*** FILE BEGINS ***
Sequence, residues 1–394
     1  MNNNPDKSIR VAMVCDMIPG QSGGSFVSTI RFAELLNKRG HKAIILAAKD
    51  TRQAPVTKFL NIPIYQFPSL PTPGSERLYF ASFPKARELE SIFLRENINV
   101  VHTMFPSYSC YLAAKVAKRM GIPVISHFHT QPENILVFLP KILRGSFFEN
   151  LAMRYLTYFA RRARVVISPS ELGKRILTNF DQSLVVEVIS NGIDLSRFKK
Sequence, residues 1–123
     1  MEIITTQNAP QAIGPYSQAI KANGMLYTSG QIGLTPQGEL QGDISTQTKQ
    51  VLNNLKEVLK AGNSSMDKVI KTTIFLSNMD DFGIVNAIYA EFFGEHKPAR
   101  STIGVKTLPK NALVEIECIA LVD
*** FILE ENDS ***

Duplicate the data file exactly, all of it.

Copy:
Sequence, residues 1–394
     1  MNNNPDKSIR VAMVCDMIPG QSGGSFVSTI RFAELLNKRG HKAIILAAKD
    51  TRQAPVTKFL NIPIYQFPSL PTPGSERLYF ASFPKARELE SIFLRENINV
   101  VHTMFPSYSC YLAAKVAKRM GIPVISHFHT QPENILVFLP KILRGSFFEN
   151  LAMRYLTYFA RRARVVISPS ELGKRILTNF DQSLVVEVIS NGIDLSRFKK
Sequence, residues 1–123
     1  MEIITTQNAP QAIGPYSQAI KANGMLYTSG QIGLTPQGEL QGDISTQTKQ
    51  VLNNLKEVLK AGNSSMDKVI KTTIFLSNMD DFGIVNAIYA EFFGEHKPAR
   101  STIGVKTLPK NALVEIECIA LVD